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Make Instant Pudding
This cooking and science activity can be made and eaten from a plastic baggie. It's best to use a self-sealing one for this project. As the child shakes the bag to make the pudding, she is not only learning that several ingredients make a delicious dessert but also that there are changes that take place when ingredients are mixed.
The children will be making individual snacks of pudding with the recipe that serves 8, 1/4 cup servings.
In each baggie put:
1/4 cup milk
1 tablespoon instant pudding mix (note: if you use a pistachio mix, the powder changes from white to green as it mixes with the milk)
What to do:
- Securely seal the bag.
- Invite the children to hold the bag at the top and bottom using both hands.
- Encourage them to shake the baggie for about a minute or until all the pudding is mixed.
- Place the baggies in a refrigerator (or cooler with ice) for at least ten minutes.
- Give the children their baggies and a plastic spoon to eat the pudding they just made right in the bag.
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Children are motivated to work with counting skills because at the end of this lesson, they get to eat a snack, like cookies, crackers, raisins, etc. Look for very small food items at your market to use with this activity.
Give each child 15 snacks and five baggies if you want your students to count from 1 to 5. If you are practicing counting from 1 to 10, each child will need 55 snacks and ten baggies.
The children are to put one food item in the first bag, two in the second bag, three in the third bag, and so on.
Students now place the baggies in front of them on the table.
The teacher asks the children to hold up the bag that contains one, two, three, or more food items in a bag. The teacher can also ask students to place their bags in numerical order.
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Sink or Swim
Young children always enjoy activities involving water. This project is no exception and your students may even learn something about buoyancy. Provide an assortment of objects in the classroom (small toys, eraser, feather, corks, etc.). The children are to place one small waterproof object into their self-sealing baggie.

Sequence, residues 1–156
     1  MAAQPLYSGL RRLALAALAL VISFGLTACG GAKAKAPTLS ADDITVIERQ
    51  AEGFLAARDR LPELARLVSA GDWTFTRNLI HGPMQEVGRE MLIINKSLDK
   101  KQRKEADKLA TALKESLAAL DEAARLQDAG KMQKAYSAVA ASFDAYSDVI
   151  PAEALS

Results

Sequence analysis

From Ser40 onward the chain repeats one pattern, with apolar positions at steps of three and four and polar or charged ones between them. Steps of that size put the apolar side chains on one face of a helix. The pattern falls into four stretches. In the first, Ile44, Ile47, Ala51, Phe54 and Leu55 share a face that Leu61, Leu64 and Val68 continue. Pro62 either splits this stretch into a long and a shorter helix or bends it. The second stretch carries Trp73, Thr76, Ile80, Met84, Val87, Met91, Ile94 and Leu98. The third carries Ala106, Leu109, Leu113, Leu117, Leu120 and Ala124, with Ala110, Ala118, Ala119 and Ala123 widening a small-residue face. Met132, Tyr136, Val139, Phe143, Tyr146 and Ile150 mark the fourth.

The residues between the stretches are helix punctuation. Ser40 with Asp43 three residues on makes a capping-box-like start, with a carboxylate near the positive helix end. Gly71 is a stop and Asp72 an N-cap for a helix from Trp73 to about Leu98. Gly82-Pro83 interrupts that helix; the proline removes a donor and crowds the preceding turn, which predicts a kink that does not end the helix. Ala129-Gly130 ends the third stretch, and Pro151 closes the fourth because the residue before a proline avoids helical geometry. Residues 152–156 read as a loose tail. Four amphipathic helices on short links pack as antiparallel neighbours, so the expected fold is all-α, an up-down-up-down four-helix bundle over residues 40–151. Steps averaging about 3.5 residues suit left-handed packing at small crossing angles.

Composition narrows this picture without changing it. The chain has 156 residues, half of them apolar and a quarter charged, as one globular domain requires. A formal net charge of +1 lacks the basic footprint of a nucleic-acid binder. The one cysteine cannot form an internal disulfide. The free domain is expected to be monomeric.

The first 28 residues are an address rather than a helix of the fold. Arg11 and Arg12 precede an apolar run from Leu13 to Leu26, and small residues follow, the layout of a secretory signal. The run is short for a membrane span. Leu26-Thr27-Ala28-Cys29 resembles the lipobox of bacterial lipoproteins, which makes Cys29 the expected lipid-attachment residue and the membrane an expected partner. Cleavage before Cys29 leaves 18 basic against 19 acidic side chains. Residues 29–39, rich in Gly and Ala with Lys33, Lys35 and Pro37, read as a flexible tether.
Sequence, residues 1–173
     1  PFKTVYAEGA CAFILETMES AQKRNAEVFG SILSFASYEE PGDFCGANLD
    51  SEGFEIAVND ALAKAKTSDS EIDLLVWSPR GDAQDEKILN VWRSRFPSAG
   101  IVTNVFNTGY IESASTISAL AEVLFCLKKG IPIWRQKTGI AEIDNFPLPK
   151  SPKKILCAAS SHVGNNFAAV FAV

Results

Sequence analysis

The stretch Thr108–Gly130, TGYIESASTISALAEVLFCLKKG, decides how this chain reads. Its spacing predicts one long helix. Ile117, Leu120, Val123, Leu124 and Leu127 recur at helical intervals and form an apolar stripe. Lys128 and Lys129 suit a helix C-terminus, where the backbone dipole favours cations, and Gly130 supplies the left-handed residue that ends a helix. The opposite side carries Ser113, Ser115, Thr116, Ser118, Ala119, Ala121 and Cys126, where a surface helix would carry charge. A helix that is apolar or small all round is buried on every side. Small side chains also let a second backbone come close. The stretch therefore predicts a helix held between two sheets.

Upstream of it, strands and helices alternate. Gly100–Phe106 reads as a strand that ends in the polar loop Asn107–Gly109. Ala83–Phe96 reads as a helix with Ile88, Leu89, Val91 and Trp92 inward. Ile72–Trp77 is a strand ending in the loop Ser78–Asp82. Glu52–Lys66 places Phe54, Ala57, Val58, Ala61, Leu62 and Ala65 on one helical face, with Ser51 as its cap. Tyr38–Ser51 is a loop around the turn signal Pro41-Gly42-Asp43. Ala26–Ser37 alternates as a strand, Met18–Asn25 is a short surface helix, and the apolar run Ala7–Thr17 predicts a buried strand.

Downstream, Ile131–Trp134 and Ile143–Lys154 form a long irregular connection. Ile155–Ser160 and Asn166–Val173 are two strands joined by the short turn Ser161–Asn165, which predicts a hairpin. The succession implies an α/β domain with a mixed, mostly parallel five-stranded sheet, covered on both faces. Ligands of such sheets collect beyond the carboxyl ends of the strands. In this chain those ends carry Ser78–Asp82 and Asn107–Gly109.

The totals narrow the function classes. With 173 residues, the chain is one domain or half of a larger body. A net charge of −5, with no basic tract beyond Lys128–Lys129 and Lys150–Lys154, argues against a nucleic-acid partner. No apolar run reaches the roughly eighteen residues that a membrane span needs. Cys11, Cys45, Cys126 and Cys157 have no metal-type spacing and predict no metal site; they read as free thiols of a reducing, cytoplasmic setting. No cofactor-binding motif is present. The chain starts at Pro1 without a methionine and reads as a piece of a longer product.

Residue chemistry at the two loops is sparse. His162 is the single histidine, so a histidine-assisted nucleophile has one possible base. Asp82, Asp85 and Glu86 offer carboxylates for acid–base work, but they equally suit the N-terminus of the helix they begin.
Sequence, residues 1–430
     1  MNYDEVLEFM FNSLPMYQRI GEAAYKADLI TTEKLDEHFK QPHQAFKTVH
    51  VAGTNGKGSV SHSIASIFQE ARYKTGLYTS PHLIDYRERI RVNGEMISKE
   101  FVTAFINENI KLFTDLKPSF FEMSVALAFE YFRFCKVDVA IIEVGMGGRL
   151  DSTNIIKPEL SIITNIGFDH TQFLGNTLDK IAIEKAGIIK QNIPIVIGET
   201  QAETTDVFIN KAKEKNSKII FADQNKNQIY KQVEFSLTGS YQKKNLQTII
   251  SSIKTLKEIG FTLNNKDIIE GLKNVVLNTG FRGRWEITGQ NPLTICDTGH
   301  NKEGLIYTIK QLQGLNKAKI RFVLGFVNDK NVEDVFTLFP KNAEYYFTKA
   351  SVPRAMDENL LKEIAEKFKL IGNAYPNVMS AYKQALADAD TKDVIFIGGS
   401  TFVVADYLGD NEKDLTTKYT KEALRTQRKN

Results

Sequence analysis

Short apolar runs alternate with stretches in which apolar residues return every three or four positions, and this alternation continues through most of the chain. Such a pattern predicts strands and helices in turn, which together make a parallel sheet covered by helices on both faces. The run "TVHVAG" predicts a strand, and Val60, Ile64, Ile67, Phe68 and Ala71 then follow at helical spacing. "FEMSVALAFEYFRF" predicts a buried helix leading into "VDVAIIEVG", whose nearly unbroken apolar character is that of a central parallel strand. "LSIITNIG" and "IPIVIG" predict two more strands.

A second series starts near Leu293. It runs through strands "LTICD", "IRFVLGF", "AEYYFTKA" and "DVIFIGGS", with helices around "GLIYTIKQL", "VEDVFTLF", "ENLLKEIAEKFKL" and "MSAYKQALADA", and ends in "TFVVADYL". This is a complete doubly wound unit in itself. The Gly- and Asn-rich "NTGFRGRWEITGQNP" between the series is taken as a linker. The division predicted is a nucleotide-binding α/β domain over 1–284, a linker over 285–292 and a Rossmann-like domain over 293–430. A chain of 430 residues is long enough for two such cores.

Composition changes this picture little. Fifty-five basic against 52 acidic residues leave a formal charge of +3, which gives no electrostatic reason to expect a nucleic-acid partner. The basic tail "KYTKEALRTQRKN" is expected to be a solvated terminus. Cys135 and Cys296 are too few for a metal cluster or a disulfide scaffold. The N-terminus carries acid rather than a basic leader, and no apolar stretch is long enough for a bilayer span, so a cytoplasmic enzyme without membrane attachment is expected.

Put this baggie into a pan of water or use the water table. If the bag floats, the children can put in a second object into the baggie. This process continues until the bag sinks.
Talk about which objects let the bag float and which items make the baggie sink. This activity can be done with individual baggies or with one as a class project.
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As the weather warms, spring and summer is a wonderful time to take the children on a nature walk. Give them each a baggie to collect small nature finds along the way. Make sure their names are written on the baggie. The best way is to use adhesive name stickers. Young children are fascinated with the many shapes of leaves, rocks, acorns and such. When the walk is over, attach the separate baggies onto a bulletin board entitled, "Look What We Found On Our Nature Walk." When the display is taken down, give the children their baggies to take home. Note: Make sure to leave a portion of the baggie open so the leaves do not get moldy.
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If you have a lesson on hygiene, first aid, doctors or dentist, use a baggie to create individual health kits. This is where you can ask medical providers and even parents to donate some of the necessary items for your kit. The kits could contain: Band-aids, travel size bar of soap, small tube of toothpaste, child-size toothbrushes, tissues, etc.
The lesson could explain the importance of cleanliness to health. To avoid having students use their health kits inappropriately, give the kit to a parent or guardian when the child is picked up at the end of the day. In the meanwhile, during class read books about health and color pictures during art class.
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Using baggies in preschool is handy. These plastic bags have a variety of uses in the classroom for projects as well as for storage of materials. If you have other plastic baggie projects that you have used in your classroom, please leave a comment at the bottom of this article.
Personal experience in the classroom
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